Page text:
‘Rocket League’ Coming To Nintendo Switch Should Not Even Be A Debate – Forbes

Rocket League

Psyonix

Rocket League

We are still in the honeymoon phase of the Nintendo Switch’s launch, where the system is still more or less sold out worldwide, and everyone still can’t stop talking about how great Zelda: Breath of the Wild is (myself included).

But we are also still very much in the “wait and see” period when it comes to judging the true success of the Switch, and whether third parties agree that it’s time to get fully on board with the system. We have seen relatively little movement from any third party devs in terms of bringing big releases to the Switch, and now there’s a sample test case that shows this may not get much better going forward.

IGN recently spoke to Psyonix Studios’ Vice President Jeremy Dunham about the possibility of the hugely popular Rocket League coming to the Nintendo Switch.

“Just like all the other platforms, we are evaluating it. We’re looking to see what the technical requirements are,” Dunham said. “We’re looking to see what kind of true community demand there is. We’re looking to see how it would benefit the community as a whole. So we’re still in that evaluation phase. It’s definitely too early to say that it wouldn’t happen, but it’s also definitely too early to say that it would.”

This is an extremely non-committal response for a third party game that should theoretically be a no-brainer for the Switch. Unlike a huge AAA third party game like GTA or Call of Duty or Destiny, Rocket League should be a lot less taxing on the Switch, and it’s a title that absolutely lends itself to remote/mobile play as well.

Some have speculated that part of the hesitation is that the Switch uses digital instead of analog triggers, which would make it harder to controller the precise speed of your cars in Rocket League. While that may be a consideration, I doubt that’s the hold-up here.

The Nintendo Switch

Paul Tassi

The Nintendo Switch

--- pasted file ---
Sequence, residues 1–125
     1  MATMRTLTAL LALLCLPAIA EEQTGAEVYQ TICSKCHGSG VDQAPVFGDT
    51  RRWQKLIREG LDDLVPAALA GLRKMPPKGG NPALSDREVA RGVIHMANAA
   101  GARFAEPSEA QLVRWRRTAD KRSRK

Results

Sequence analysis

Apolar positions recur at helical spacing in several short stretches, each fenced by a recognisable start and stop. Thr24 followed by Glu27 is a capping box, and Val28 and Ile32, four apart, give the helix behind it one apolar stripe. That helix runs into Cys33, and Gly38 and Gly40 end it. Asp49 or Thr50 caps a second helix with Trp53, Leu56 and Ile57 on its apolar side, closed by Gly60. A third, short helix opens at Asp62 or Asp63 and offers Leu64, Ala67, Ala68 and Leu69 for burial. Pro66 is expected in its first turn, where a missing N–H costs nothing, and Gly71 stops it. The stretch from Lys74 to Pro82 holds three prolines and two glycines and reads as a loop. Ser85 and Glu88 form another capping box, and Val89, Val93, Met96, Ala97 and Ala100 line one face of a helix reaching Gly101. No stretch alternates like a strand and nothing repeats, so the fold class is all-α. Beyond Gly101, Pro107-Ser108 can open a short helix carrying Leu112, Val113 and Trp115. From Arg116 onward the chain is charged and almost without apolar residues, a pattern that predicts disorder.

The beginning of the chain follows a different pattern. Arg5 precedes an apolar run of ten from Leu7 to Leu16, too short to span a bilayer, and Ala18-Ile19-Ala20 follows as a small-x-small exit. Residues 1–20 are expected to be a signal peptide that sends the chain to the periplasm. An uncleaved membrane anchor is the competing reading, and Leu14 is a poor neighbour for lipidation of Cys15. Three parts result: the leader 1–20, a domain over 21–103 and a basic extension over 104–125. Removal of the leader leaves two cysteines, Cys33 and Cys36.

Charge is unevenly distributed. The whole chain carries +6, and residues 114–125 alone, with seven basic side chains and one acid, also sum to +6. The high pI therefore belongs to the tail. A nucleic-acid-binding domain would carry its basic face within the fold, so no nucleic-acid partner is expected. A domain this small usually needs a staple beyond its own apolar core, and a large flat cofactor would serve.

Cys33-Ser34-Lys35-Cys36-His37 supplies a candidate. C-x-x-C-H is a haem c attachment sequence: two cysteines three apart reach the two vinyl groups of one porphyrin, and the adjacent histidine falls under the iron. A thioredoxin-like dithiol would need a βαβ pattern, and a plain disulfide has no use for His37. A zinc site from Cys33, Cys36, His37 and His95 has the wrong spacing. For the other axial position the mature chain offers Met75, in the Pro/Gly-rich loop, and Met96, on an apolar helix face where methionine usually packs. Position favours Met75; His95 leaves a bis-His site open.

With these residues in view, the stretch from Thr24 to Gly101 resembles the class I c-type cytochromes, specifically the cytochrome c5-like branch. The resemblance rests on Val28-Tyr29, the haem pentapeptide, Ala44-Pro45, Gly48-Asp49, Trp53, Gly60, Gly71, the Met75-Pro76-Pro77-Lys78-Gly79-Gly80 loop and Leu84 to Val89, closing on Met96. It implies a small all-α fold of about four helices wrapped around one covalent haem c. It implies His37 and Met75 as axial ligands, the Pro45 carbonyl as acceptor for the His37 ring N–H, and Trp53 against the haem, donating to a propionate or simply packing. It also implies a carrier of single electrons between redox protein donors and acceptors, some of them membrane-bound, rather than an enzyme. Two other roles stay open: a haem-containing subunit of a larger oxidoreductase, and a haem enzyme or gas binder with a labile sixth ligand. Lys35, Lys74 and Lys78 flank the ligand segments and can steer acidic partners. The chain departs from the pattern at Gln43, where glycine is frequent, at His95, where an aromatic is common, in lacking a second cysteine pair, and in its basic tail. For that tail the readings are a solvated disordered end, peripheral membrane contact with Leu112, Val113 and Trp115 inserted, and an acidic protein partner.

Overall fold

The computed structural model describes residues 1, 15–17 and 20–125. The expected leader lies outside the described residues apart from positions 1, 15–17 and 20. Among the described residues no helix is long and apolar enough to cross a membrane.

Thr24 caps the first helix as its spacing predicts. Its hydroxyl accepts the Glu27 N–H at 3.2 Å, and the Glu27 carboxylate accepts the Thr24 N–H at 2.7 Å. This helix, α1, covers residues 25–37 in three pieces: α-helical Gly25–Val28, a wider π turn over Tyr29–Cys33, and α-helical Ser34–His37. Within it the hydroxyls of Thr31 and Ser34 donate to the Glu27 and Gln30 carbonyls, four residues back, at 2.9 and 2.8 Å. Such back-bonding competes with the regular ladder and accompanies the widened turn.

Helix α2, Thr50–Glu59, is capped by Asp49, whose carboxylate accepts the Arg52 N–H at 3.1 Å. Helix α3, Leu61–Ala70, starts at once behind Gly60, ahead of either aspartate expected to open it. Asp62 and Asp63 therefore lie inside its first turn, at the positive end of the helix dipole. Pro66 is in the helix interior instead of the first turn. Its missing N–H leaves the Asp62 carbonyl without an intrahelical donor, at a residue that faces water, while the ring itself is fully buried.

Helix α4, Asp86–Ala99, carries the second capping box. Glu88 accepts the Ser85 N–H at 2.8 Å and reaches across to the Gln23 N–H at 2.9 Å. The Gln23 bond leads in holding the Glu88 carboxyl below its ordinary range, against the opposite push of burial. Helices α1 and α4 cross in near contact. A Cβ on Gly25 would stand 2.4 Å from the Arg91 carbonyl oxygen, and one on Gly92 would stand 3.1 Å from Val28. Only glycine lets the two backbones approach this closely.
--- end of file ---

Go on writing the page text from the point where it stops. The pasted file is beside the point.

Rather, I think that Psyonix is probably the most concerned with seeing how Nintendo’s online service functions. We’re often focused on the power level of the Switch, or the potential issues adapting a game that has to function on both a handheld and home console, effectively, but I think online is a huge factor here as well.

The launch of the Switch has not really tested the online capabilities of the new system yet, and only once Mario Kart and Splatoon 2 hit the scene will the full extent of Nintendo’s online capabilities be known, and even then, the entire system is likely to remain in beta until fall. We still know relatively little about the mobile app these services are run through, and online is such a huge component of Rocket League, that I have to believe that this is the primary reason Psyonix is keeping their distance for now.

One common refrain I’ve heard about the Switch is that players now want to play literally everything on the console, because they’ve gotten so used to the ability to switch between mobile and home console versions of the games. Then switching to say, Mass Effect: Andromeda on Xbox or PS4, and suddenly you’re back tethered to your home console permanently. It’s then you understand the core of the Switch’s appeal.

The problem is that now we have a situation that does not line-up with reality. Nintendo wanted to create a new way for people to play games, and for once, they did that with great success. The handheld functionality of the Switch is more immediately engaging than the Wiimote or the Gamepad ever were. But the problem is that the hardware is still limited to carrying mostly Nintendo games, while all the big third party games players wish they could be playing remain inaccessible. I can imagine how awesome it would be to be able to play say, Destiny 2 on the go, but in all the talk about that game this week, no one is even pretending like it’s coming to the Switch. Again, it’s probably a combination of technical and online limitations, but that’s a shame considering the desire is clearly there for something like that to happen and in some ways, it could create a superior version of the game.

The point is if that Rocket League is struggling this much with deciding whether or not to come to the Switch, I’m not sure how well that bodes for other, more complex third party games in the future. The Switch is undeniably great, but its potential will remain limited unless Nintendo works incredibly hard with third parties to figure out some way for their major releases to make their way to their system.

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